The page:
Fire needs three things: heat, fuel, and oxygen. Zoom in on a simple match: when struck, friction applies heat to a chemical fuel that ignites in the presence of oxygen––a reaction visible as flame.
A fire in a wood stove or fireplace follows the same principles, but has more moving parts, and thus requires the kind of methodical poking and feeding that calm the mind. Maybe this is why they are so universally therapeutic. (No one has ever sat back and relaxed in front of a match.)
You’ve built a fire; now, keeping the triangle in mind, you have a conversation with it: feeding, correcting, watching. Keep it fueled. Once going, it will provide its own heat from flame or a coal bed. Help it breathe by providing space for air to draw up through the fire, especially when you add wood.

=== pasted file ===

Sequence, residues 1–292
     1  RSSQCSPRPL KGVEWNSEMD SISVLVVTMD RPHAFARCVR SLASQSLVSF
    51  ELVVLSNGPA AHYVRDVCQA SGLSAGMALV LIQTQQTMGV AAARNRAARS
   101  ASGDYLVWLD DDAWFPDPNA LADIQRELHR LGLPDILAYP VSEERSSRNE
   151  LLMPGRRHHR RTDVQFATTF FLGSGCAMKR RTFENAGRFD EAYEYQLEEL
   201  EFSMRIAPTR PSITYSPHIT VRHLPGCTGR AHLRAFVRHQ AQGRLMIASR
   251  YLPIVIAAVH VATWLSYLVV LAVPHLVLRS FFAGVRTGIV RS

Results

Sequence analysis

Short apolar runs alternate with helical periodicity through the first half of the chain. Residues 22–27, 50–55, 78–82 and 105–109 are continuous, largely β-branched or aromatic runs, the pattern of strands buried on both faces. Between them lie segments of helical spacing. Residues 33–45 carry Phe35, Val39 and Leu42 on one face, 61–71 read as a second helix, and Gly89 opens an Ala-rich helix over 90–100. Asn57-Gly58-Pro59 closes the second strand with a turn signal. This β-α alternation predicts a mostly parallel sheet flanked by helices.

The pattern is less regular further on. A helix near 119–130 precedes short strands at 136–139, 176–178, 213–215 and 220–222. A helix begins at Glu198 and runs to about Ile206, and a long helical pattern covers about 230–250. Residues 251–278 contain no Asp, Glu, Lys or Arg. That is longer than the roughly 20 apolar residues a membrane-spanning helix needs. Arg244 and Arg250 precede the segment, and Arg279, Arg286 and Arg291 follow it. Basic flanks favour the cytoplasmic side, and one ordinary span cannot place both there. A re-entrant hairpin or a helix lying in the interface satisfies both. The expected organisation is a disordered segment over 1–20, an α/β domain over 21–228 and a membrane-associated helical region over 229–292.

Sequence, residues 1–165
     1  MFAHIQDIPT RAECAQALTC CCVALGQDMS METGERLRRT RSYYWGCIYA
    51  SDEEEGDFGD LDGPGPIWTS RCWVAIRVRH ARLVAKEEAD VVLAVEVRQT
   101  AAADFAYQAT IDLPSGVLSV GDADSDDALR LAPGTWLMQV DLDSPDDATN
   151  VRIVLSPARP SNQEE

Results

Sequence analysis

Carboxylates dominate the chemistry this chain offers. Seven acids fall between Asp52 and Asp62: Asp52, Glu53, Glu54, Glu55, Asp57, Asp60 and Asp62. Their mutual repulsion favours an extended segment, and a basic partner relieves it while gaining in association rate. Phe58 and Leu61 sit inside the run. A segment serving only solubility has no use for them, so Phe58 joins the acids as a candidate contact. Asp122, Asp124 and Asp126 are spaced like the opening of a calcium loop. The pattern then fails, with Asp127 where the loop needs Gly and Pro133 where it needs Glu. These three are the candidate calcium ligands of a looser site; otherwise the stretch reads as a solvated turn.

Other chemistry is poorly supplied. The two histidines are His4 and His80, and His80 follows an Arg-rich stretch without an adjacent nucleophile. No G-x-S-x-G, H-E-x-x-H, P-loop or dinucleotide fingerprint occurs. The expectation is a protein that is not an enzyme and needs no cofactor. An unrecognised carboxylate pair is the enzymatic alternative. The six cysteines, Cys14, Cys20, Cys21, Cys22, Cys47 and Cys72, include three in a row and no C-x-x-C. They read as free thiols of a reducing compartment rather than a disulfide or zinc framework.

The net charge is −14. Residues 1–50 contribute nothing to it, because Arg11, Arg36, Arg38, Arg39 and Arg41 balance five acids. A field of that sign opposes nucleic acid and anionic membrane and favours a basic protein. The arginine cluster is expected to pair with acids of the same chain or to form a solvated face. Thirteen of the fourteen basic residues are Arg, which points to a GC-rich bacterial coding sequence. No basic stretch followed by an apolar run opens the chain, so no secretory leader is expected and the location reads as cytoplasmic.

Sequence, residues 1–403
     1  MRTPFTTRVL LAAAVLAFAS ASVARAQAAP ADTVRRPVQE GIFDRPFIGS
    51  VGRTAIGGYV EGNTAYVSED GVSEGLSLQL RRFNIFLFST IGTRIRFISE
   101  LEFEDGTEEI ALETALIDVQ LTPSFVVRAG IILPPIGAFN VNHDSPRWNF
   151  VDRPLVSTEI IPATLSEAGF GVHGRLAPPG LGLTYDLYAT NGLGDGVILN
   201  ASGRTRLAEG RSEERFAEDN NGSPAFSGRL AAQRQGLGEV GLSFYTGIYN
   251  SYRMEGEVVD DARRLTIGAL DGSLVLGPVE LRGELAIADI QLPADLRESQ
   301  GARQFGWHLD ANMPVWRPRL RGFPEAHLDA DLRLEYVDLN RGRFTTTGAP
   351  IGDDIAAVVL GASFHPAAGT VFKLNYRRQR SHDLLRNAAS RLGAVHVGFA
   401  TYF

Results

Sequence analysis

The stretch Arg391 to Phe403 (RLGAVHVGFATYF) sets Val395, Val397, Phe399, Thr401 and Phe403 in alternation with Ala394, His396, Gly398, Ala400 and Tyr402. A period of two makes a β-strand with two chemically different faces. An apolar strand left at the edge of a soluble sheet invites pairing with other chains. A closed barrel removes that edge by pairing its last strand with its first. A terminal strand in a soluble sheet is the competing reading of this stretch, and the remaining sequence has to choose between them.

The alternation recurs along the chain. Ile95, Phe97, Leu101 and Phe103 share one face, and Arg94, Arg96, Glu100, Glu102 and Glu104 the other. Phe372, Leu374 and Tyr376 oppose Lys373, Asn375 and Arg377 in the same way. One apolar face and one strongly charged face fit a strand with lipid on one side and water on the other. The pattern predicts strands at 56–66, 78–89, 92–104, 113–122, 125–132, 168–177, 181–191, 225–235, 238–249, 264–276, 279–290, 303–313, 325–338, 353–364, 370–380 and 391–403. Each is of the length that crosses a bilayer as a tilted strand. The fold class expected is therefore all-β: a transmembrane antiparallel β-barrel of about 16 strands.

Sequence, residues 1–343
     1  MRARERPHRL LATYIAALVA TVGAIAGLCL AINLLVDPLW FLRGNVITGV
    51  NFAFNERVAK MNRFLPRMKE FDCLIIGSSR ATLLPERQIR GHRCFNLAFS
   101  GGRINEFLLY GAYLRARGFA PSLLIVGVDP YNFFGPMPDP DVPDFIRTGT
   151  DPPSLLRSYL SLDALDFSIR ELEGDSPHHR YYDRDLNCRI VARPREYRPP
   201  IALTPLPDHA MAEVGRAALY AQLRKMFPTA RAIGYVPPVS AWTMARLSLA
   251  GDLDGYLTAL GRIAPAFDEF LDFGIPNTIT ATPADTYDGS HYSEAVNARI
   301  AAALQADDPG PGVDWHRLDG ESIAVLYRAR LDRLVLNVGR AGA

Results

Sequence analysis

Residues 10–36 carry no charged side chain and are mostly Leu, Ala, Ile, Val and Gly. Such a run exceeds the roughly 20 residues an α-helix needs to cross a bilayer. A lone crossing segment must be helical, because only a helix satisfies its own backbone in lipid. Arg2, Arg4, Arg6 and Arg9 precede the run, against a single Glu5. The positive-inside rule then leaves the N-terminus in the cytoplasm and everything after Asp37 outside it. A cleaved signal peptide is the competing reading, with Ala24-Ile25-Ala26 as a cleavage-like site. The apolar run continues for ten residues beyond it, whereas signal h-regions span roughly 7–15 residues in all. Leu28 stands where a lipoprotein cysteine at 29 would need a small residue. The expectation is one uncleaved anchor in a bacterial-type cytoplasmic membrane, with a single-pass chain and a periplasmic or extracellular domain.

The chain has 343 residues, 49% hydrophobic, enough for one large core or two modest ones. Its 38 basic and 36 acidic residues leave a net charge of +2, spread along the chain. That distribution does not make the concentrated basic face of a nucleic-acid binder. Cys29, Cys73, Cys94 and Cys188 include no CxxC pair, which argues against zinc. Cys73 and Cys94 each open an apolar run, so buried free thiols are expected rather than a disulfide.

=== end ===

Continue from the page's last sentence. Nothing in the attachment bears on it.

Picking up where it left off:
Smoke is uncombusted carbon and indicates insufficient heat or oxygen to maintain a flame. Poke it. Adjust the wood closer together if it needs heat; break it apart a bit if it needs air.
Though the fire-maker wants very much to build a “perfect fire,” this is not unlike the golfer’s longing for the perfect game: while theoretically possible, it is quite unlikely in a lifetime of practice. The fire-maker like the golfer must derive his or her satisfaction from the pursuit.